Point Cabrillo Light Station

Park Brochure

brochure Point Cabrillo Light Station - Park Brochure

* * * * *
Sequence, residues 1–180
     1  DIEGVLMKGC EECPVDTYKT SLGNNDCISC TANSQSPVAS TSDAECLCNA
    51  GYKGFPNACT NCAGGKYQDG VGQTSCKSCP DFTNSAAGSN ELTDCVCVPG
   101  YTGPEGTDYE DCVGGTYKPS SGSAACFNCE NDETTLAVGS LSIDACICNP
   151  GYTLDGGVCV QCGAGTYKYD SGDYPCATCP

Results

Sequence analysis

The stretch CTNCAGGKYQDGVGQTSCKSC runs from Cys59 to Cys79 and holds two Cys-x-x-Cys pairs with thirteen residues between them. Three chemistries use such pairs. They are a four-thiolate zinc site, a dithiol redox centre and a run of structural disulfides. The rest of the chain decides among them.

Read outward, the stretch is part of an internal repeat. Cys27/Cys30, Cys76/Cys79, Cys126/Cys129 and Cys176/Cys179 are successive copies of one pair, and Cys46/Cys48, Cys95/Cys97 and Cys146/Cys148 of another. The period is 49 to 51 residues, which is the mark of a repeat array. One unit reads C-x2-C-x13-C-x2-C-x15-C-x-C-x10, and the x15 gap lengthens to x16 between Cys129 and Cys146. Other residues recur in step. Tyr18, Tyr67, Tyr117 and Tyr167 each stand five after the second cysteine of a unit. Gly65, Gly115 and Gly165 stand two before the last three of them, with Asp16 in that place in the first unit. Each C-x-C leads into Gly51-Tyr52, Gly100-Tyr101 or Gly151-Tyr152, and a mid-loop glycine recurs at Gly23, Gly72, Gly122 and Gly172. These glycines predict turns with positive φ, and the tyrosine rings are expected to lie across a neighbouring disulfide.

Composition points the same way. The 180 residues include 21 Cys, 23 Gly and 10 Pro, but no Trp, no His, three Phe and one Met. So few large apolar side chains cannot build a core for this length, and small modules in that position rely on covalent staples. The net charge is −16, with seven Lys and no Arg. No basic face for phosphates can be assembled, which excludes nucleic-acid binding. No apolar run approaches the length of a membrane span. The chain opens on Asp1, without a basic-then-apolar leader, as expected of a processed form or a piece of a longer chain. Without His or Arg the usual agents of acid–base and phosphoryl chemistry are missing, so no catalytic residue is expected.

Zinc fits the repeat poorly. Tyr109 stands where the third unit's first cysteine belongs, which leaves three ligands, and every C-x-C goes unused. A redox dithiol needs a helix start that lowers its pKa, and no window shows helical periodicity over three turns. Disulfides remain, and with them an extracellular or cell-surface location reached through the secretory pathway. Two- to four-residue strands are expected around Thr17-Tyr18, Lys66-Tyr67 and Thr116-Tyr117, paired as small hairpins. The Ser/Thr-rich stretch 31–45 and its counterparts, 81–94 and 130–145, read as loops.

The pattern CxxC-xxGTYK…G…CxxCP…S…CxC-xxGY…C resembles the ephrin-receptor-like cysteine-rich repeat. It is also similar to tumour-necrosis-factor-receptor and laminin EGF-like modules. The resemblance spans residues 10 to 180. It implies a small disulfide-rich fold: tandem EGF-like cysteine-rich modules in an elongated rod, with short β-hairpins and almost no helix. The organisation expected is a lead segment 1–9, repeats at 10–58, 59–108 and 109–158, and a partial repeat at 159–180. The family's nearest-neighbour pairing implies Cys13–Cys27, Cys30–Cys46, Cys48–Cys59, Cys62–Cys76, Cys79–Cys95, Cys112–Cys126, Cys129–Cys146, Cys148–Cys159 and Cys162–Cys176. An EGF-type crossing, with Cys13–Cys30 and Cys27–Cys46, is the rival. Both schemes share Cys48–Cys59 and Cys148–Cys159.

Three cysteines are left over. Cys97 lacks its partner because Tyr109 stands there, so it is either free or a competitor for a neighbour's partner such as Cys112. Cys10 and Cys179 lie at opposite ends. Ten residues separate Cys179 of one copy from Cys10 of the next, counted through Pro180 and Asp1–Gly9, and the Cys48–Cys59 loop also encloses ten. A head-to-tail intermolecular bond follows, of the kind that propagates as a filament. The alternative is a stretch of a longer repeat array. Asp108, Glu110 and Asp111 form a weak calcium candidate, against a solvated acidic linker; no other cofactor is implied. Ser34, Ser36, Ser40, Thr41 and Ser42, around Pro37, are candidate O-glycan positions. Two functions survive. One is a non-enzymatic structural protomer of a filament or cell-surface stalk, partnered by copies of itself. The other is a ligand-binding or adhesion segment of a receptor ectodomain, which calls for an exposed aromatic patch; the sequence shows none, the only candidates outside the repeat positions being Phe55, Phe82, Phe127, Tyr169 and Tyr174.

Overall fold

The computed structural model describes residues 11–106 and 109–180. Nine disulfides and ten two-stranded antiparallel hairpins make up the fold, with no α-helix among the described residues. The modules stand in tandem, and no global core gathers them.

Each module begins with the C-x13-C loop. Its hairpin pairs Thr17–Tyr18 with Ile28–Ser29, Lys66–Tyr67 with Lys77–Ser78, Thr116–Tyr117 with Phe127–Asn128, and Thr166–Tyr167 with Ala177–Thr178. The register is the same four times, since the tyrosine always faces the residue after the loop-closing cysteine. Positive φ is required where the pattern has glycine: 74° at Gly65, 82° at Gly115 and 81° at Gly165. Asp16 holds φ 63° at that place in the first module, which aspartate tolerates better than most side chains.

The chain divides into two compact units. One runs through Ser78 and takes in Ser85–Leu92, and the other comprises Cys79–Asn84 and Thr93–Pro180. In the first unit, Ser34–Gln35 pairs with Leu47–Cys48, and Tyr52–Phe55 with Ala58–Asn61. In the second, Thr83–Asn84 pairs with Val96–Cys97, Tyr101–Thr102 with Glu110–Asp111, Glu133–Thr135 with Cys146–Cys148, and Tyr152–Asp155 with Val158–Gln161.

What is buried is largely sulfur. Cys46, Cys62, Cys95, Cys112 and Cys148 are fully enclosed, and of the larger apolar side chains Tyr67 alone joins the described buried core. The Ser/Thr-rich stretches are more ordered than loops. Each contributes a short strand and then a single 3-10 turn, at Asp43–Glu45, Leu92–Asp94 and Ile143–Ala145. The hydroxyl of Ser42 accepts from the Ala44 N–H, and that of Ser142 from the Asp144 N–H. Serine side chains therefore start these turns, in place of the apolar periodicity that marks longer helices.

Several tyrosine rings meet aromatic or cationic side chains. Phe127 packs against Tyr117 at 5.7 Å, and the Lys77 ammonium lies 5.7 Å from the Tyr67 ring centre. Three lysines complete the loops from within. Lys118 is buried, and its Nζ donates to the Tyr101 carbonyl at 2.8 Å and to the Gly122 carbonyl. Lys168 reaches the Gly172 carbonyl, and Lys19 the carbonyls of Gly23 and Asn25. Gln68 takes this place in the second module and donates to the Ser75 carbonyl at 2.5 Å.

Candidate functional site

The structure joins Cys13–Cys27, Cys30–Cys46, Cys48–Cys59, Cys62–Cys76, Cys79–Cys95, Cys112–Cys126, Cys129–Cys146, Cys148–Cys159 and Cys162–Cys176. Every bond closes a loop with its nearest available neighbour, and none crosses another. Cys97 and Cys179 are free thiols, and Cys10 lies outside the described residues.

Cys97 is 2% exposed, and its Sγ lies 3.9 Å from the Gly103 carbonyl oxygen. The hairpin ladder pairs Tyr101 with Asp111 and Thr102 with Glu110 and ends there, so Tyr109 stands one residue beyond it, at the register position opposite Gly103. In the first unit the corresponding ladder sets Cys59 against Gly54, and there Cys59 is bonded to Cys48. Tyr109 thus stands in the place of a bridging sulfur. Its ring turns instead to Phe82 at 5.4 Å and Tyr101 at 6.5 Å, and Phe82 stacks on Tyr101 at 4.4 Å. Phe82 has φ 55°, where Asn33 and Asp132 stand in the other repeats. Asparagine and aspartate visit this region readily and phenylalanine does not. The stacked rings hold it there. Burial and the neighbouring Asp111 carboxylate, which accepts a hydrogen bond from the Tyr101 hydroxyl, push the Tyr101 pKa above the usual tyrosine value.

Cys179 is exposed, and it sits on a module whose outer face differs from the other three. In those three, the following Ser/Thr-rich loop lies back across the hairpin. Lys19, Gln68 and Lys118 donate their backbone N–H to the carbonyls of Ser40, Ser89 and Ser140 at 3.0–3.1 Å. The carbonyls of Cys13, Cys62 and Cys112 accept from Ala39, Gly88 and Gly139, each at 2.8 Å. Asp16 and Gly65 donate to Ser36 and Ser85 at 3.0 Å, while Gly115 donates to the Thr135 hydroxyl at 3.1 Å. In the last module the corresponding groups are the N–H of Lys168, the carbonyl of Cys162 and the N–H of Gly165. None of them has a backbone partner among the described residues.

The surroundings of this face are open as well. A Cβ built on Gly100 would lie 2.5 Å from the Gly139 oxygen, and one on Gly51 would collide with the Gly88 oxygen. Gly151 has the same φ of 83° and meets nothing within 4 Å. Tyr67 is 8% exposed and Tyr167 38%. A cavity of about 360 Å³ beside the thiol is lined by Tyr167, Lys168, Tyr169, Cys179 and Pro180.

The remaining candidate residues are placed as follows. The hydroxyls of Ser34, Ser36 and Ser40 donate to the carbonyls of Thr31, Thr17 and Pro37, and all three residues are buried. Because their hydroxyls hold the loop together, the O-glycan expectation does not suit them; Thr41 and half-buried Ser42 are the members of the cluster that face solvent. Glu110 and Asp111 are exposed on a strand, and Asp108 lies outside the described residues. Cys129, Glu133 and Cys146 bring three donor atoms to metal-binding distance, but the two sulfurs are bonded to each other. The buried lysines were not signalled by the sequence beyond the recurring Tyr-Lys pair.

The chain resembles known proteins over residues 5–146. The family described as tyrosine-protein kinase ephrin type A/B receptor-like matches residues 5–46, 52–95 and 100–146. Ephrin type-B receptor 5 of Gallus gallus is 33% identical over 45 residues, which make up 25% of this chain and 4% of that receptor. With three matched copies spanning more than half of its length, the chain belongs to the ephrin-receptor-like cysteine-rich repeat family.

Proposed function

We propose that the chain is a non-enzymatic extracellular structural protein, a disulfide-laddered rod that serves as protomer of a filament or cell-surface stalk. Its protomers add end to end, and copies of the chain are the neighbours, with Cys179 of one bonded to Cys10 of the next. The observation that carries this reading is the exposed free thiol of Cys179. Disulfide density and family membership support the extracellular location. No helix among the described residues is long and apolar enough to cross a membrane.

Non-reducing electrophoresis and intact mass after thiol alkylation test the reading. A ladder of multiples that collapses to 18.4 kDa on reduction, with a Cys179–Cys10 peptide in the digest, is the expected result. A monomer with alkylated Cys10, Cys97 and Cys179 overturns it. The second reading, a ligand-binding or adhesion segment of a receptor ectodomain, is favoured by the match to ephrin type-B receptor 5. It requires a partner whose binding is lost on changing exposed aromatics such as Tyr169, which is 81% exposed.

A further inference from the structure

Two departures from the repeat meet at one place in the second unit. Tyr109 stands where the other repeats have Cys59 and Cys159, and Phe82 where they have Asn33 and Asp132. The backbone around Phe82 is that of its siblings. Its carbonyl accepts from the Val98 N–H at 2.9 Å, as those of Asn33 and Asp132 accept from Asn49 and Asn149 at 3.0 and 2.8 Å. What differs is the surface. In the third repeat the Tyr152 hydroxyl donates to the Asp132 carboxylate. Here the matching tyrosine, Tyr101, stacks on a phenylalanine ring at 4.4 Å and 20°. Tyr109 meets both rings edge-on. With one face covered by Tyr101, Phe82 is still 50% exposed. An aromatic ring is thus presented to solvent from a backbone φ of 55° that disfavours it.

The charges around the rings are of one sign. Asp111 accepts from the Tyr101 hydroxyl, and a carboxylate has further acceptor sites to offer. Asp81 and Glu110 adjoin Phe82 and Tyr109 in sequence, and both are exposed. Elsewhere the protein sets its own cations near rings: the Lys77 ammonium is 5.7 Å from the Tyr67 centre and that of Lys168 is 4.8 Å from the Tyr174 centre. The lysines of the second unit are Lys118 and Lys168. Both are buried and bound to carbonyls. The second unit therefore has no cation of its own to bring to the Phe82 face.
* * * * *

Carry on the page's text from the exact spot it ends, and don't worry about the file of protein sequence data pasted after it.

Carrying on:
Point Cabrillo Light Station State Historic Park Our Mission The mission of the California Department of Parks and Recreation is to provide for the health, inspiration and education of the people of California by helping to preserve the state’s extraordinary biological diversity, protecting its most valued natural and cultural resources, and creating opportunities for high-quality outdoor recreation. Point Cabrillo Light Station has ensured the safety of thousands of ships traveling the treacherous waters off Point Cabrillo. California State Parks supports equal access. Prior to arrival, visitors with disabilities who need assistance should contact the park at (707) 937-5804. This publication is available in alternate formats by contacting: CALIFORNIA STATE PARKS P. O. Box 942896 Sacramento, CA 94296-0001 For information call: (800) 777-0369 (916) 653-6995, outside the U.S. 711, TTY relay service www.parks.ca.gov Discover the many states of California.TM Point Cabrillo Light Station State Historic Park 13800 Point Cabrillo Drive Mendocino, CA 95460 (707) 937-5804 © 2008 California State Parks Printed on Recycled Paper Northern harrier photo courtesy of Ron LeValley P oint Cabrillo Today Pomo descendants occupy parts of their ancestral lands and have revived their language and traditions. Light Station State Historic Park is a living link to California’s history, featuring a beautifully rehabilitated 1909 lighthouse and 11 other structures, The Wreck of including three the Frolic Family of lightkeeper Albert Scott, ca.1911 lightkeepers’ homes. In 1850, the clipper In a nearby cove rest brig Frolic, on its the remains of the Frolic, the most important way to San Francisco with a cargo of Chinese Gold Rush-era shipwreck in California. housewares, struck a reef just north of what Located four miles north of Mendocino, later became Point Cabrillo. After securing the park’s 296.5 acres of open space include the wrecked ship in what is now called Frolic an impressive variety of wildlife and hiking Cove, the captain and some of the crew took trails. long boats to carry word of the wreck south PARK HISTORY Native People For thousands of years, the rich waters and headlands around Point Cabrillo were the summer hunting and gathering grounds of the Pomo people. The Pomo moved here from their inland encampments in early summer to harvest abalone, mussels, seals and sea lions, deer, kelp and salt. These foods were carried to their permanent villages and stored for the winter. In the late 1850s, settlers and lumbermen began using the lands for grazing and harvesting timber for railroad ties. As the influx of settlers increased, the Pomo way of life was forever altered. to Fort Ross. In 1851, Harry Meiggs, a San Francisco lumber dealer, sent Jerome Ford north in hopes of salvaging cargo. By then, the ship had sunk, but not before the Pomo had removed Chinese ginger jars, bolts of silk, camphor, lacquered trunks, housewares and other items. Ford found Pomo women wearing splendid silk shawls, but there was no cargo left to salvage. Ford told his employer about the lack of salvageable cargo, but noted that there were groves of redwood and Douglas fir in the area. A year later, Meiggs had sawmill equipment shipped around Cape Horn and erected a mill at Big River. This led to the founding of Mendocino and the beginning of the timber industry in Northern California. Local mills supplied wood to help build San Francisco and to construct the Point Cabrillo Light Station. The Light Station The Point Cabrillo Light Station was built following the 1906 earthquake, which had ravaged San Francisco. The Light Station was needed to guide small “Doghole” schooners that plied the coastal waters, carrying lumber to rebuild San Francisco. The earthquake severely damaged the Point Arena Lighthouse, leaving no lighthouses between Cape Mendocino and Bodega Bay. Construction of the Point Cabrillo Light Station building began in 1908 and was completed in early 1909. The Light Station, comprising 30.5 acres and 15 structures, was managed by the U.S. Lighthouse Service. The Head Lightkeeper was in charge of the Light Station, overseeing the work of the First Assistant (the Wickie) and the Second Assistant (the Timer). Daily tasks included maintaining the Lighthouse lantern room, lens, kerosene oil lamp, clockworks, the other 14 buildings and the raised garden beds where food was grown. The U.S. Coast Guard (USCG) assumed command of the Point Cabrillo Light Station in 1939 and managed it until 1991. Frolic Cove The Lens The British-built Fresnel (fra-nel) lens—the most advanced example of lens technology at the time—was first lit on June 10, 1909, by Wilhelm Baumgartner, the first Head Lightkeeper. The British-built lens, one of only twelve in the U.S., was manufactured by Chance Brothers and shipped around the Horn. The lens has 90 glass prism pieces; the original lens was turned by a wind-up clockworks mechanism. Volunteer with Fresnel lens today The oil lamp and clockworks were replaced by electric lamps and motors in 1934 and 1935, respectively. In 1972 an automated beacon replaced the Fresnel lens. Then, in 1999 the USCG allowed relighting of the original Fresnel lens. Today’s lens is powered by a 1000-watt lamp, operational around the clock. On a clear night, the 10-second flash can be seen 14 to 15 miles at sea. Rehabilitation and Restoration The California Coastal Conservancy supported and funded the acquisition of the property in 1991. They provided grants, joined with private donations, to rehabilitate the Lighthouse, its lens, the Blacksmith/ Carpenter Shop and Oil House. California State Parks acquired the Light Station and surrounding property in 2002. Rehabilitation of three lightkeepers’ houses and three other structures began in 2002. Rehabilitation of the Lighthouse and the grounds has been overseen by the nonprofit Point Cabrillo Lightkeepers Association, by agreement with State Parks. The Point Cabrillo Restoration Project received the 2007 Governor’s Historic Preservation Award and the California Preservation Foundation’s Preservation Design Award. With 12 of its original 15 buildings, Point Cabrillo is one of the most complete Light Stations in the U.S. Currently, four of its buildings are open to visitors, and the Inn is open to registered guests. NATURAL HISTORY The Light Station sits on the second of five coastal terraces that were pushed up from the ocean floor by plate tectonics. Native plants have adapted to high winds, drenching winter rains, foggy summers and salt spray. Native grasses are evident today, but are usually covered by planted European grasses. Look for more than fifty species of birds, including northern Northern harrier harriers, white-tailed kites, osprey, black oystercatchers and cormorants. From the bluff tops, visitors may see gray whales, orcas, humpbacks, dolphins, seals, sea lions, and, rarely, a blue whale. EVENTS AND PROGRAMS The Light Station hosts an annual Whale Festival in March, four summer Lantern Room tours and guided site tours each Sunday. Contact the park for details at (707) 937-6122. Accessible Features Two parking lots near the Museum and Inn are reserved for cars with disabled placards or plates. The Visitor Center, Museum, Blacksmith Shop/Marine Science Aquarium, and the first floors of the Inn and the Lighthouse are all accessible. PLEASE REMEMBER Water Safety—Stay back from the water’s edge to avoid large rogue waves and strong currents that can sweep people out to sea. • All of the park’s natural, underwater and cultural features are protected by state law and may not be disturbed or removed. • Pets must be kept on a six-foot leash. • Driving off designated roads is not permitted. • Bicyclists must stay on paved trails. • Fishing is not allowed within the park. Nearby STATE PARKS • Mendocino Headlands SP, 725 E. Main St., Mendocino, CA 95460 (707) 937-5804 • Russian Gulch SP, 9500 N. Highway One, Mendocino CA 95460 (707) 937-5804 This park receives support in part from a nonprofit organization. For more information, contact Point Cabrillo Lightkeepers Association PO Box 641, Mendocino, CA 95460 (707) 937-6122 www.pointcabrillo.org